For a taut drama about the relationships between men thrown together in an enclosed space, it's hard to imagine a better setting than the claustrophobic environment of a warship in Nelson's navy. Sailors worked in atrocious conditions for little pay in a life that alternated between the excitement and mortal danger of battle and long periods of intense boredom, with an ensuing myriad of petty squabbles and hatreds. Herman Melville's unfinished novella Billy Budd overlays this with a tale of crime and judgement.

The score of Britten's all-male opera is extraordinary for so many reasons that it's difficult to list them all. Firstly, it uses a sound palette whose breadth is second to none. Britten gives us sea shanties, big hymn-like choruses, unaccompanied quartet or single voice, plaintive solos on alto saxophone, tension-building string passages underlaid by timpani, soothing harp quotes, full orchestral military fervour - a full analysis would take dozens of pages. Next is the use of key and tonality. You would never mistake Billy Budd for being anything other than 20th century, since reams of notes depart from the major and minor scales: chromatics, discords and tritones abound. But with the exception of a few carefully chosen dramatic passages, Britten's music is never strident or offensive: the discords are a sign of music that's always in motion from one place to another in a way that's profoundly satisfying to the ear. Finally, what amazes is Britten's ability to match music and action: for an opera, the music in Billy Budd sounds surprisingly like a very long, very intense film score. The build-up of tension is harrowing, and the moments of release equally powerful; to pick just one example, the music which accompanies the Indomitable's fruitless chase of a French warship takes you at a pace that's quite blistering.

Under Edward Gardner's baton, the ENO orchestra were in marvellous form last night, and the chorus sang out of their skins. After three hours, I felt like I'd been taken through every nuance of the score with care and precision, and also been put through the emotional wringer.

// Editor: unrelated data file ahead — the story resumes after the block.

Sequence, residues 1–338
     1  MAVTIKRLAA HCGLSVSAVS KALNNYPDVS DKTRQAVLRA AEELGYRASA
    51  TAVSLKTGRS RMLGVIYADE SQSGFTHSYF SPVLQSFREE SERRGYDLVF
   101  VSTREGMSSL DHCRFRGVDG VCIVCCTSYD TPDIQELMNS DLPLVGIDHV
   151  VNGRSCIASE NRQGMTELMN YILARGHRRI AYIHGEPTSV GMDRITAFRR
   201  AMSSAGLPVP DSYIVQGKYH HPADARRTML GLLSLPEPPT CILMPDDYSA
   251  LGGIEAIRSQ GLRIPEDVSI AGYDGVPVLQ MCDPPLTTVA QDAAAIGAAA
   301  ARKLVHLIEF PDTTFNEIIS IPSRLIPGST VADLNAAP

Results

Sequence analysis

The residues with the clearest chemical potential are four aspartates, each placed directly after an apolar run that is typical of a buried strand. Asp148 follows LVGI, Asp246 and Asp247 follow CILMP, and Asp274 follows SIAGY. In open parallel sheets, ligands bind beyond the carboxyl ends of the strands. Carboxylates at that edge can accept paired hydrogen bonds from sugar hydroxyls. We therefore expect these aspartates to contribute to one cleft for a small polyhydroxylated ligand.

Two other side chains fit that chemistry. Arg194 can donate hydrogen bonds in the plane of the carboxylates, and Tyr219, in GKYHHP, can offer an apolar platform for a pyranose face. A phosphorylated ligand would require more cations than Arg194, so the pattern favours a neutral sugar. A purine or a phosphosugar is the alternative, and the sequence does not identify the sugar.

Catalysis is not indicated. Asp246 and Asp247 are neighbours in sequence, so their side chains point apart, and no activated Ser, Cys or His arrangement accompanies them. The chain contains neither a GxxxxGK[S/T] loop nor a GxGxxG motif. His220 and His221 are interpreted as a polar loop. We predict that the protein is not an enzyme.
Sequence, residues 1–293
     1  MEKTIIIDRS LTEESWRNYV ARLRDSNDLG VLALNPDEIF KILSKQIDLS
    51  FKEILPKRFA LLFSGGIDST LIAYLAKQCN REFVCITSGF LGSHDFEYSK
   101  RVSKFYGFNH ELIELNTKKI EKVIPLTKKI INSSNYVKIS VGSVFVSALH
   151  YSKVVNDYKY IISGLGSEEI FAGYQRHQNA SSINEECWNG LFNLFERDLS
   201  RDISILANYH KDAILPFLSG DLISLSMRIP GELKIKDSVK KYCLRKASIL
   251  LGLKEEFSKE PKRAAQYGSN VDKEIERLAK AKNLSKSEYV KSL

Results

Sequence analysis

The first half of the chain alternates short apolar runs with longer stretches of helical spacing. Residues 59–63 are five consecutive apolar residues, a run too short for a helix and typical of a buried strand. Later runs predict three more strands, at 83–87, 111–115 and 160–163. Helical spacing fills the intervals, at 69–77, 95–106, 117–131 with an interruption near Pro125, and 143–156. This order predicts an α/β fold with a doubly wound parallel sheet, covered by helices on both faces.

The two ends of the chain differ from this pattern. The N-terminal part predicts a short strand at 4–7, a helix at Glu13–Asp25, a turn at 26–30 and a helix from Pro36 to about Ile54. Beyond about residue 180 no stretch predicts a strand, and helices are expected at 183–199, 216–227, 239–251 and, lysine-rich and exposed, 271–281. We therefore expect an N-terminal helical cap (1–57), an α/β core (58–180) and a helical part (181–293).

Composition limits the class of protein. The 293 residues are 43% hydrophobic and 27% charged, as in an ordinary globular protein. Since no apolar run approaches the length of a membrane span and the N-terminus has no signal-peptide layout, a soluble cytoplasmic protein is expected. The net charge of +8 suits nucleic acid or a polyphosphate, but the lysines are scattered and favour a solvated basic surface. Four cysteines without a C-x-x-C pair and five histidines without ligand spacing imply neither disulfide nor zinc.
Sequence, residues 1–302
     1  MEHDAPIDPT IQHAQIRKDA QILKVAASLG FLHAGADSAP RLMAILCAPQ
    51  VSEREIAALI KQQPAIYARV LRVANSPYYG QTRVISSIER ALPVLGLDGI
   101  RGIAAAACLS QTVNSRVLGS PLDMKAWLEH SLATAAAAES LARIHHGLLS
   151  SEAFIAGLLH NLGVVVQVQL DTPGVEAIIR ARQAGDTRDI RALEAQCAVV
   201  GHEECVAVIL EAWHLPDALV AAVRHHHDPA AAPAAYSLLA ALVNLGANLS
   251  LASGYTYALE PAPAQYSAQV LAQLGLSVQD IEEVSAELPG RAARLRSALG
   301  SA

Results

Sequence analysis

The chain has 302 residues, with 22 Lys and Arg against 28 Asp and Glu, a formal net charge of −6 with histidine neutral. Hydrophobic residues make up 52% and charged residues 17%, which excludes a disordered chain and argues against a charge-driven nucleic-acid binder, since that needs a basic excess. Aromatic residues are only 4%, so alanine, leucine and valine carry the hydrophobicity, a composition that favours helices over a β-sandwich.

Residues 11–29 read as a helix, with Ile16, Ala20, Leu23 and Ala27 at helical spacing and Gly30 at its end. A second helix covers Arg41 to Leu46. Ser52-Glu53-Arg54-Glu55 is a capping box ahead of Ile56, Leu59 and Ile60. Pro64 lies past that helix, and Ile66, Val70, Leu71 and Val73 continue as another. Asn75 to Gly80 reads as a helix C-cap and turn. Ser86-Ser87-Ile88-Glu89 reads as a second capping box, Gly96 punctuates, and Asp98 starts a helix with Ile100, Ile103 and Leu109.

Although the title role is that of the sailor who embodies goodness but (under intense duress) commits a crime for which he must be punished, the opera centres on Captain Vere and his dilemma as to whether to apply the letter of the law or natural justice (it is clear that the letter of the law dictates the wrong course). There's the odd plot lacuna: we never really understand why Billy's nemesis, the Master-at-Arms Claggart, conceives such a passionate hatred of the man - there's a background wash of homosexual undertone, but this isn't really made coherent (perhaps understandably, given the established mores at the time the opera was composed). Vere's change at the end from "what I've done is so dreadful" to "I am redeemed" isn't properly explored either. But overall, the story is powerful and the drama grips.

Kim Begley turned in a wonderful performance as Vere, in turns authoritative, harsh, heroic or pensive, but always musical and elegantly phrased. Matthew Rose gave us undiluted evil as Claggart, his stage presence imposing and his voice reaching from wheedling highs to growling depths. Benedict Nelson's Billy didn't quite convince: he looked good, acted well and sang his big act II solo beautifully, but he struggled to make an impact in the crowd scenes of the earlier acts. Billy is supposed to stand out from the crowd, and Nelson lacked the vocal power to do so. Amongst the minor roles, Nicky Spence impressed as the Novice, as did Gwynne Howell as the old seaman Dansker.

I was less than impressed by David Alden's direction and setting. The libretto, by E.M.Forster and Eric Crozier, is impeccably researched and precise in its depiction of the language used aboard a ship of the period. In this production, neither the sets nor the way the characters moved showed any evidence that the director had been anywhere near a warship. Rather, the prevailing aesthetic seemed to be that of a prisoner of war camp; full length leather jackets for the officers, more leather and much waving of truncheons by the military police, something between industrial workwear and prison outfits for the sailors. When the hands are told to man the decks at the double because the enemy is in sight, they just stand there; when they file out for the execution, they shuffle along in the way of prisoners in a concentration camp. It was all visually quite interesting, but too many scenes just didn't ring true to the environment of the story.

To be fair, this did little to dent my enjoyment. Billy Budd is an outstanding piece of music, it was played and sung with excellence. And while the drama may have the odd leak, it's generally riveting, and makes for a great evening's opera.

Billy Budd, at London ColiseumDavid Karlin reviews David Alden's new production of Britten's Billy Budd at ENO4